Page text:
The Recaro business class seats will be arranged in a 2-3-2 configuration, with the slimline Pinnacle economy seats ranked in a 3-3-3 layout.

The seat pitch will be comparable to Jetstar’s current A330 fleet – around 38 inches in business class and 31 inches in economy – says Jetstar’s Dal Pra.

Jetstar has also opted to continue using a recliner in business class rather than an angled lie-flat seat.

“When you’re only flying five to ten hours, the amount the customers need to pay for a lie-flat seat, for the space it takes up, just doesn’t work out” Dal Pra told Australian Business Traveller.

Dal Pra says the airline has slightly reduced the number of business class seats to boost the size of the economy cabin, compared to its first plans.

Every seat will be equipped with a touchscreen video panel linked to a central Panasonic eX2 inflight entertainment system providing video on demand along with games and seat-to-seat chat.

Business class passengers will get a 10.6 inch display, with 9 inches in economy, and the system will allow ‘gate to gate’ use rather than having to switch off the screen during take-off and landing.

Every seat will have a USB socket for charging smartphones and tablets, with an AC power supply in each business class seat and shared between every two seats in economy.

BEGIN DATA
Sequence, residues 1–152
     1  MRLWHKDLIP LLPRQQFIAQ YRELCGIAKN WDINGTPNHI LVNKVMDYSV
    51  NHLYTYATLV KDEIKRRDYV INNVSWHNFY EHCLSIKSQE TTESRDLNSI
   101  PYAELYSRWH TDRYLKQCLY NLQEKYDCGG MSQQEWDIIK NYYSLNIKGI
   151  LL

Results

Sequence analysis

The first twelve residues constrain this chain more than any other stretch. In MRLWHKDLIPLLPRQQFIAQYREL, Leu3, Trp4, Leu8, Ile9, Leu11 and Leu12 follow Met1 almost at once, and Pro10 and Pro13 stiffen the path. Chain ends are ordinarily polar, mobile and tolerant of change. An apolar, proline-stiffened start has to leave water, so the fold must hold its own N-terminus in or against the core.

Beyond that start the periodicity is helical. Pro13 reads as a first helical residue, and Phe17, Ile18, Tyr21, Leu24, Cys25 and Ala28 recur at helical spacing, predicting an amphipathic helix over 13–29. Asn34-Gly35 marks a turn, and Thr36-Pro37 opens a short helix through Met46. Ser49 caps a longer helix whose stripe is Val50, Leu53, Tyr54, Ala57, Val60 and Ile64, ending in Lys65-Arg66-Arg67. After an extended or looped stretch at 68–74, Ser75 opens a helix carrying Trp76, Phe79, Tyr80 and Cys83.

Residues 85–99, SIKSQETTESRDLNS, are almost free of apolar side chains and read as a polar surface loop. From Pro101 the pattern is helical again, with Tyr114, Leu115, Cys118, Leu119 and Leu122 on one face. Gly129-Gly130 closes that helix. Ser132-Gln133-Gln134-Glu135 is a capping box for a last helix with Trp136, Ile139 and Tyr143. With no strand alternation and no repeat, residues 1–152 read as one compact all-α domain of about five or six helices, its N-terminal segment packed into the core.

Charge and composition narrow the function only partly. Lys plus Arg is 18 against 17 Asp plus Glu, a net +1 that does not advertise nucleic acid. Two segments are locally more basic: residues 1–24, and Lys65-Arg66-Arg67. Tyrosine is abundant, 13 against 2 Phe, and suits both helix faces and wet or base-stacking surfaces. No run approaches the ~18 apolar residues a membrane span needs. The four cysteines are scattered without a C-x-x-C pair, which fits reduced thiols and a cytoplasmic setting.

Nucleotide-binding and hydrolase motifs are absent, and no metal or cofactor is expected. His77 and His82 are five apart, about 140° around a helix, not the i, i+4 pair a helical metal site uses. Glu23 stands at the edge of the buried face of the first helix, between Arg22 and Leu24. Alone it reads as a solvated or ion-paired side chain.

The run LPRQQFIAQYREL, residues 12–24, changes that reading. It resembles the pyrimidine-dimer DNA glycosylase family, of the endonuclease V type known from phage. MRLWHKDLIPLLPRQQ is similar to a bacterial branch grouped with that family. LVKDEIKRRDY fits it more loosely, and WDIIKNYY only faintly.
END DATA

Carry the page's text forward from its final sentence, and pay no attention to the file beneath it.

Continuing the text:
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About David Flynn

David Flynn is the editor of Australian Business Traveller and a bit of a travel tragic with a weakness for good coffee, shopping and lychee martinis.

 

Have something to say? Post a comment now!

1 on 10/8/13 by Michael

Being someone who doesn't fly overseas on any 787 operators, i'm definitely going out of my way to be on the inaugural flight for this plane. 

Can't wait to see what the 787 is really like.

2 on 11/8/13 by pika

Have they found the cause of the spate of Dreamliner fires? Until then, it's a bit hard for me to think about what cabin comforts the 787 might have.

1 on 11/8/13 by Charles

The cause of the Ethiopean fire was narrowed down to a Honeywell component found on many different types of aircraft. The battery issue is interesting, it appears they still haven't found the exact cause as yet, but have completely changed the Lithium battery design with S/S compartments for the cells, better ventilation and other enhancements. They have over engineered this part of the aircraft to avoid this issue happening again, and so far been successful as there hasn't been an issue.